You are getting old.
You are getting old.
You, my friend, are getting old.
No, it’s not a warning. Just a reminder; actually, maybe a confession. We all are getting old. Time to wake up.
When I say “old”, while I’m referring to the physical body, I don’t mean just the body. I mean our tendencies, beliefs, habits, everything. At the turn of every decade of our life, our priorities, body, and brain undergo a profound shift. Nature propels us to grow, to move forward, but often our temperament and opinions pull us back into the old ways. I am not saying so based on any scientific data, therefore, my statement may not be factual. I’m simply speaking from my personal experience and learning I gain by dealing with people of all ages. One day, you are 22, and then suddenly, you realize, you are forty or fifty years old. It was just yesterday that you became a parent and now today, your children are getting married. Life, the good times and the not so good, just zoomed past in a flash. So fast that it may even feel like nature’s played a prank on you.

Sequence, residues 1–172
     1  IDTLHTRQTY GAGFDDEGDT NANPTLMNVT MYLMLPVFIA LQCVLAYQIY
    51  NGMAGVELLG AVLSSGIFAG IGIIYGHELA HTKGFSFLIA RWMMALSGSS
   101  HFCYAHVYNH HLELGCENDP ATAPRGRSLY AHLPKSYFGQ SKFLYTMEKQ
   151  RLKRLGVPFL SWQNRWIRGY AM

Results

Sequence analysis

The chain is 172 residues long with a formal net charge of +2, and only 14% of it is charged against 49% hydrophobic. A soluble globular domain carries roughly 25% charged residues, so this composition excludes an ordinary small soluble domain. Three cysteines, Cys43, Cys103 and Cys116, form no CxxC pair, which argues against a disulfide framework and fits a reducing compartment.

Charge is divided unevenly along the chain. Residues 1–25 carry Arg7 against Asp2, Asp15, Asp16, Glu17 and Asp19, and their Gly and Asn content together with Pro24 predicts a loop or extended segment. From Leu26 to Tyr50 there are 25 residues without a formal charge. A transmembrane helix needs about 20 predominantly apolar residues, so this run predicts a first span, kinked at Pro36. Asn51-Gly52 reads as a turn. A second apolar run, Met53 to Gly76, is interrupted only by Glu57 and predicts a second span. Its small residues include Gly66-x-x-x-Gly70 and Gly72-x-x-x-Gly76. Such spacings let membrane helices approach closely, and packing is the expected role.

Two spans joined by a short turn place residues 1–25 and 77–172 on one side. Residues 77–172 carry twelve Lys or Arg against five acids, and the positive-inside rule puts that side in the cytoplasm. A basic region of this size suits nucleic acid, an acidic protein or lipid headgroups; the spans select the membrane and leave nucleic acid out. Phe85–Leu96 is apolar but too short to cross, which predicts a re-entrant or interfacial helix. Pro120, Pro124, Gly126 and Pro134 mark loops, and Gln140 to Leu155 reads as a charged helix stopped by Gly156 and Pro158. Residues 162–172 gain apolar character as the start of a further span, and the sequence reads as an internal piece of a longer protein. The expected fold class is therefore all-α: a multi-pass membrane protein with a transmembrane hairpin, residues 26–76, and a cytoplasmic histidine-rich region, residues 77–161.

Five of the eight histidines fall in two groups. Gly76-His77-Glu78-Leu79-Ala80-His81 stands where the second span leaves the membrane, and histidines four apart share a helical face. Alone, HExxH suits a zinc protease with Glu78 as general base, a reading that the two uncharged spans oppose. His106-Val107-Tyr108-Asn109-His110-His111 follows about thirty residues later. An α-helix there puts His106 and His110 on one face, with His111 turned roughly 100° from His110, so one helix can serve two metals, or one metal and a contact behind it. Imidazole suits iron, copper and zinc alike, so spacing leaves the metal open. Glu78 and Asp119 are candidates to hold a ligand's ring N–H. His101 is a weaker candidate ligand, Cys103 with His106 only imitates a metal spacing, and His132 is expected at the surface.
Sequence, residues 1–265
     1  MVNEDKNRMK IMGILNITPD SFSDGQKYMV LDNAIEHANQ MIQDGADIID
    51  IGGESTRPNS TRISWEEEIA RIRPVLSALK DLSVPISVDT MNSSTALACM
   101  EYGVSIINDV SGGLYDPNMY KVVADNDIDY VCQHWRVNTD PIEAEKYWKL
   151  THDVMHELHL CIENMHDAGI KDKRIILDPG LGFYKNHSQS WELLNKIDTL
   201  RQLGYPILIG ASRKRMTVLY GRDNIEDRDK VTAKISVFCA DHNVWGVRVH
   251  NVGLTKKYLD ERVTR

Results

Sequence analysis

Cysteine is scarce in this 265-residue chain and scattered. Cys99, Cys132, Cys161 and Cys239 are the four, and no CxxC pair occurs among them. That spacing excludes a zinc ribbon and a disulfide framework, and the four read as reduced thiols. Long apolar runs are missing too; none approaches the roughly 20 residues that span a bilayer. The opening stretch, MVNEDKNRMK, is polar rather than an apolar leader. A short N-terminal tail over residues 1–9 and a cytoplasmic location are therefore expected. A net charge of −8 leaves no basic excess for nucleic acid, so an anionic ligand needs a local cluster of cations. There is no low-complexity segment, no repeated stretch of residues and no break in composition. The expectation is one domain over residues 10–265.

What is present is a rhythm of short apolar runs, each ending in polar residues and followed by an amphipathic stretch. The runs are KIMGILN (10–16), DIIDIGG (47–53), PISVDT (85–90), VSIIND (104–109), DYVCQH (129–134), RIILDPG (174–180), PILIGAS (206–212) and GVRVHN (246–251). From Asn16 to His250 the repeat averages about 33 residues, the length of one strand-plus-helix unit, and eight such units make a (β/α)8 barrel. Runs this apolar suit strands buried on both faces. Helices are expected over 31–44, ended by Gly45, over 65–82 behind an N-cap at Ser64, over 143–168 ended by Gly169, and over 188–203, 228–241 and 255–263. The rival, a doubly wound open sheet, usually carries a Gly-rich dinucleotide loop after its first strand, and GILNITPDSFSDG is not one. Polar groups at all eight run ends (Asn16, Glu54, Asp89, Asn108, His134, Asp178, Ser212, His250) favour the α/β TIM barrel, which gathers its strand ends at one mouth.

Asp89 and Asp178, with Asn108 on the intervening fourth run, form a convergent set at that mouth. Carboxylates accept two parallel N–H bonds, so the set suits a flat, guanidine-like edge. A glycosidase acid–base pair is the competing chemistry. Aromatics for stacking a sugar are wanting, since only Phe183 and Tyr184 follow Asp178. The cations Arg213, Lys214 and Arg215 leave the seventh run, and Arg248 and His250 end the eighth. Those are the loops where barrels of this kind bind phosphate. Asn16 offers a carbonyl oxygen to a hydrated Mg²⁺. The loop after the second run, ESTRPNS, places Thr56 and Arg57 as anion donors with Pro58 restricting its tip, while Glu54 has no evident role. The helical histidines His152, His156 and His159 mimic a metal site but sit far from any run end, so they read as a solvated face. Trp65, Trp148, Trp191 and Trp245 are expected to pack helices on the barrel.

Sometimes, I’m asked that why don’t I write more on scriptures and spirituality, something mystical, rather than scribbling on the practical issues of life?
In answer, let me share a little Tibetan story: The Gates of Shambhala. 1 The entire story, literatim, has been taken from The Book of Ichigo Ichie by Hector Garcia and Francesc Miralles. As follows:
The story goes that a hunter was pursuing a deer across the frozen peaks of the Himalayas when he came upon an enormous mountain split in two, allowing him to see what was on the other side.
Beside the opening in the mountain, an old man with a long beard beckoned to the startled hunter to come closer and see.
The hunter obeyed and peered into the vertical crack that was just wide enough for one man to pass through. What he saw left him breathless.
On the other side of the opening was a fertile garden, bathed in sunlight and seeming to go on forever. Children played happily among trees laden with fruit, and animals frolicked freely in a world filled with beauty, serenity, and abundance.
“Do you like what you see?” the old man asked when he saw the hunter’s amazement.
“Of course, I like it . . . this must be paradise!”
“Indeed, it is, and you have found it. Why don’t you come in? Here, you can live happily ever after.”
Overflowing with joy, the hunter answered, “I will, but first I want to go find my brothers and friends. I’ll come back with them soon.”
“As you wish. But remember, the gates of Shambhala open only once in a lifetime,” the old man warned him, frowning slightly.